The Mariners, after all their waiting, have some help on the way. Jerry Dipoto cooked up a deal Wednesday morning, trading Modesto infielder Rayder Ascanio for Mike Leake from the St. Louis Cardinals.
Leake on the season has an ERA of 4.21 in 2017. He’s pitched in 26 games and tallied a total of 154.0 innings. Leake started 2017 red-hot, with a 2.24 ERA after 10 starts. He has posted a 5.78 ERA in the 16 starts since then, but he publicly wanted out of St. Louis, and maybe the move to the Mariners will do him well.
The biggest asset he brings to Seattle is his durability. Since 2010 he’s made the second-most starts in the NL. He boasts 228 games while LA’s Clayton Kershaw has started 233. Along with Leake, the Mariners receive about $17 million in cash (to relieve the burden of Leake’s weighty contract), and some international signing money. Essentially, the Mariners pick up the 3 years Leake has left and will be on the hook for $36 million.
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This trade was pretty slick for Jerry Dipoto. While taking on a chunk of salary, they swapped a mid-level prospect for a Major League pitcher with sometimes dominant stuff and got the Cardinals to pay for some of it.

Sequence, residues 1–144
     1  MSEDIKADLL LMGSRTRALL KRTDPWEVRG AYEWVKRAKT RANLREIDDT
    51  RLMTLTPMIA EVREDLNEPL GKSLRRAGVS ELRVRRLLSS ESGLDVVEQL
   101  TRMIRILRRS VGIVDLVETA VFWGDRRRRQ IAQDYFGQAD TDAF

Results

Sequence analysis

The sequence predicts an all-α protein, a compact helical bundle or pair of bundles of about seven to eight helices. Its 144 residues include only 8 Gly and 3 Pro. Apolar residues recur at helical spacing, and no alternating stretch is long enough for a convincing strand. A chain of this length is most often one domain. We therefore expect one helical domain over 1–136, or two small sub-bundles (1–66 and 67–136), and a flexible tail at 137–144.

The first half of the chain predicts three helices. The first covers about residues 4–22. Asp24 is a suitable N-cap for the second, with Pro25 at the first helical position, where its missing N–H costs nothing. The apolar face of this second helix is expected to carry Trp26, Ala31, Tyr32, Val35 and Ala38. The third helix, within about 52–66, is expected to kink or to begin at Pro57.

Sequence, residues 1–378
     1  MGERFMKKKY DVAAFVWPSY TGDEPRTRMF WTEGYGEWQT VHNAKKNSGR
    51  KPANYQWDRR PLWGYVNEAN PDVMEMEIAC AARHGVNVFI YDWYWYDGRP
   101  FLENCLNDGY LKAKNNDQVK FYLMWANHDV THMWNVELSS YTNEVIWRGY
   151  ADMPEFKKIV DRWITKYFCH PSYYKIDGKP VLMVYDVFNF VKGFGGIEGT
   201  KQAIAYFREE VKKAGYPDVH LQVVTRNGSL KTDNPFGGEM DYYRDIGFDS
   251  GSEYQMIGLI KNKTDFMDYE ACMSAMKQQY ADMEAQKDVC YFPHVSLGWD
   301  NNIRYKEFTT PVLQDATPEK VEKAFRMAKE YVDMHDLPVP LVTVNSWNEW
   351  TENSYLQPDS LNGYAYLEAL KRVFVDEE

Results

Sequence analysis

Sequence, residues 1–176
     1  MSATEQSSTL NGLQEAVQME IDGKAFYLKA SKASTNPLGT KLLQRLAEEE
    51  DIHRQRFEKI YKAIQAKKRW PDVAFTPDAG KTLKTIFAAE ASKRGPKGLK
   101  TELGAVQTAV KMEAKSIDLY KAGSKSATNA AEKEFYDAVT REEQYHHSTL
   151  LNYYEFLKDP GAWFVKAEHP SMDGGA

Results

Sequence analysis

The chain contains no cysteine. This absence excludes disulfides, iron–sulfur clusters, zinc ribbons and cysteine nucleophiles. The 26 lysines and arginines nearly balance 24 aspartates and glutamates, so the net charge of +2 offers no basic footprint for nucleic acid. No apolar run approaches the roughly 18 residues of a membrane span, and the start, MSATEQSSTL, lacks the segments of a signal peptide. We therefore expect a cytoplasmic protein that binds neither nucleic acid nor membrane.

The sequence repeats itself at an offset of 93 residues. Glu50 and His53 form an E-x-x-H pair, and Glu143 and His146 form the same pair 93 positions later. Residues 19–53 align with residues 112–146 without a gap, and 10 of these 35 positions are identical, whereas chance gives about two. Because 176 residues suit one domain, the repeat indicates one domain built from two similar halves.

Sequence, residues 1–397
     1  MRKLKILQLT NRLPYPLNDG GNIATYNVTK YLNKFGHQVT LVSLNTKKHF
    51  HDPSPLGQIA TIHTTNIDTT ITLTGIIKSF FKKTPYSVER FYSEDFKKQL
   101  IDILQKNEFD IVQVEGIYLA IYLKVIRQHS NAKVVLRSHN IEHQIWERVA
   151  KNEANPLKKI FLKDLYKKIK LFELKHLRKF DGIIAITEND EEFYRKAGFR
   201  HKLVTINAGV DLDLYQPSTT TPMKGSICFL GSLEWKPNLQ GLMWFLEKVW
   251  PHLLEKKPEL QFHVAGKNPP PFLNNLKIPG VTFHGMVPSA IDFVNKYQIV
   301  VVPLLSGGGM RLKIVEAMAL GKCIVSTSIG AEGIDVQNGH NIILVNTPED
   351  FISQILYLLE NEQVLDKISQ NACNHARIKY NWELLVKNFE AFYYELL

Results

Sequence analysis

Maybe this was compensation for the Tyler O’Neill-for-Marco Gonzales trade that took place back in mid-July.
In 2017, 18 of Leake’s 26 starts have been 6 innings or more. It’s not hard to look at the rotation the M’s have sent out all year and deduce that Leake’s numbers will make him a cornerstone for the time being. Starting 2018 with a 1-2-3 of Paxton, Hernandez, and Leake isn’t half bad.
Now really quick we’ll look at Rayder Ascanio and see what Seattle surrendered to get Leake.
The switch-hitting shortstop is currently at single-A Modesto, and is hitting .217. Over 4 seasons in the minors, he has a career average of .240. Essentially, with Jean Segura locked up for 5 years, Seattle doesn’t have a hole at shortstop. They especially don’t have room for a below-average shortstop, so swapping Ascanio for Leake is a lucrative move for Dipoto.
Ultimately, Dipoto finally got the pitching the Mariners needed, and while it may be too late to snag a playoff spot in 2017, they certainly cheaply bolstered their rotation depth for next season.